There are two possible ways of registering client capabilities. The first way is for the client itself to register its own capabilities. Only addresses and technologies that are associated with the client at the time of registration are permitted to be registered. The second way is to allow clients to register capabilities of clients other than themselves. An example of this would be the advertisement of a conference address and associated call control protocol by a third party. These two methods for registering client capabilities may also be used to update, remove and unregister client capabilities.
The directory server uses an hierarchical model to store the information registered by the client. By traversing the model it is possible to find client details and their associated capabilities. The directory can be accessed by many mechanisms, such as the Internet, B-ISDN's (broadband Integrated Services Digital Network) Generic Functional Protocol and MF4 tones and announcements. Clients access their local directory server using a pre-defined call control protocol and network address, such as TCP and an IP address.
The registration process is illustrated in message sequences 1 and 2 of FIG. 2. The RegisterProfileRequest message is used to indicate to the directory system that the client is now active. In addition, it can inform the directory system of any new capabilities that have become available as a result of the client becoming active. On receipt of the RegisterProfileRequest message the directory system authenticates the client and any associated request. Assuming the request is valid, the directory system updates itself and sends a RegisterProfileResponse back to the client.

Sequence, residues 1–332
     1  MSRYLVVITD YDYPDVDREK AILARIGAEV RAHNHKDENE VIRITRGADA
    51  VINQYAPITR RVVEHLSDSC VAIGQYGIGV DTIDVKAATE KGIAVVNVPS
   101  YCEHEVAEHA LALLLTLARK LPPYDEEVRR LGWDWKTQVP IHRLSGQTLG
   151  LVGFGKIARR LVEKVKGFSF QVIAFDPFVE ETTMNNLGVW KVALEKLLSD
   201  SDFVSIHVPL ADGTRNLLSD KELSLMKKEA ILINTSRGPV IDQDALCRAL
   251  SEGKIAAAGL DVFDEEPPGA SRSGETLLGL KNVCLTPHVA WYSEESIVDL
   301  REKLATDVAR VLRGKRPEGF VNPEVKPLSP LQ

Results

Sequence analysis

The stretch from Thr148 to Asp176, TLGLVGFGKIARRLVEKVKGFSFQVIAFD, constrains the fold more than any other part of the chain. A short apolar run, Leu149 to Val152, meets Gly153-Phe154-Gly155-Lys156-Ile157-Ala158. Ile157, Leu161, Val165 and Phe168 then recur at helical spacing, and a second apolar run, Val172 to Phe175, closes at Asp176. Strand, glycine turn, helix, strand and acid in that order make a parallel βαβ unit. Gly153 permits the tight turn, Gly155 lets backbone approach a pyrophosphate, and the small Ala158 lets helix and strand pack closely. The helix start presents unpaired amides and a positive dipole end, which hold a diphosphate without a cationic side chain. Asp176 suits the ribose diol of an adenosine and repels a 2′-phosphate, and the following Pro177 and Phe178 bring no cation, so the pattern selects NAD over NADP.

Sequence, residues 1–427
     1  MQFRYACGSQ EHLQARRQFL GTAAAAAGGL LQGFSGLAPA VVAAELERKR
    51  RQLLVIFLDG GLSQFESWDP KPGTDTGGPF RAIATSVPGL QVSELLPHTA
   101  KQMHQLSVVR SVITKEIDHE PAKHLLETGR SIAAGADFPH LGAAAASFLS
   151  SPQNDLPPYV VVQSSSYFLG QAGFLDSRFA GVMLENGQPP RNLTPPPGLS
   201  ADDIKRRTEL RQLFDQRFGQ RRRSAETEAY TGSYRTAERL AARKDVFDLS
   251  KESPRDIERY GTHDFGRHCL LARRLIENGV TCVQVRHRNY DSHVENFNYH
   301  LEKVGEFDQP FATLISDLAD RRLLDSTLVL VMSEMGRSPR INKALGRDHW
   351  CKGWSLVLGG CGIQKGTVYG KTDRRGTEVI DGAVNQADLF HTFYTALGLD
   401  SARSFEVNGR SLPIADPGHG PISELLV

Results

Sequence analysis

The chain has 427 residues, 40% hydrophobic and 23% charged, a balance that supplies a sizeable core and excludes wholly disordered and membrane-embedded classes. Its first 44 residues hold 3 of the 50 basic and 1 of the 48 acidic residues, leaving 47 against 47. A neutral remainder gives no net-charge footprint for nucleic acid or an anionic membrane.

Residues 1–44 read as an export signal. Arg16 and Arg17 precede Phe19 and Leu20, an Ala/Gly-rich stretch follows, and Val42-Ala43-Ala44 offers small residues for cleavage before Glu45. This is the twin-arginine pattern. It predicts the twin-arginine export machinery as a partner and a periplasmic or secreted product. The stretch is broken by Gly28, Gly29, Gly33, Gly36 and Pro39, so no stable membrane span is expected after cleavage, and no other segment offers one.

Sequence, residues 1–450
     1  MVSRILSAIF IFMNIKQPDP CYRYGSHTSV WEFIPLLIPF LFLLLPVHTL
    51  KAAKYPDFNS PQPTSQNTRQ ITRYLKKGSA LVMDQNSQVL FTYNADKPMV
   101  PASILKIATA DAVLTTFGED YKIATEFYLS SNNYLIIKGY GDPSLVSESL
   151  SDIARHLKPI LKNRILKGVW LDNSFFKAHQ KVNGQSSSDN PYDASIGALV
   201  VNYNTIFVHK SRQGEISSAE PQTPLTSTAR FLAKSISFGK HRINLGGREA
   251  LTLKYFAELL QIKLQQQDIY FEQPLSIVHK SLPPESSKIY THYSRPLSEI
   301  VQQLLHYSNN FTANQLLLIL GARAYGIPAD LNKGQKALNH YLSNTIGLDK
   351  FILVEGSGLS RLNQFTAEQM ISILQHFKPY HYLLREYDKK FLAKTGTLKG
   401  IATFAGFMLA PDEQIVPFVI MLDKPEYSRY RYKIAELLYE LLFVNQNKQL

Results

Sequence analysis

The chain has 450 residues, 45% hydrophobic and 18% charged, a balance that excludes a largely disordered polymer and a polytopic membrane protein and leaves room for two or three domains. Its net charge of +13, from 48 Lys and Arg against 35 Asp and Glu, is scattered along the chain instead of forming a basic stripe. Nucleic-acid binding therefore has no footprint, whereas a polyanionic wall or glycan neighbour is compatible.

While the client remains active it may add, modify or remove client capabilities stored on the directory system. This may be necessary, for example, if the client obtains new call control technology or a new network address. The UpdateProfileRequest message, shown in message sequences 3 & 4 in FIG. 2, is used to add or modify client capabilities. The parameters passed in this message determine whether a new client capability is added to the directory system or an existing client capability on the directory system is modified. In this implementation, the address and call control fields form the client capability primary key for the directory system. Hence, if both the address and call control parameters passed in the UpdateProfileRequest message match an existing client capability primary key in the directory system the message is used to modify other parameters belonging to that client capability. If no match is found, the message is used to create a new client capability in the directory system. Again, assuming the request is valid, the directory system updates itself and sends a UpdateProfileResponse back to the client.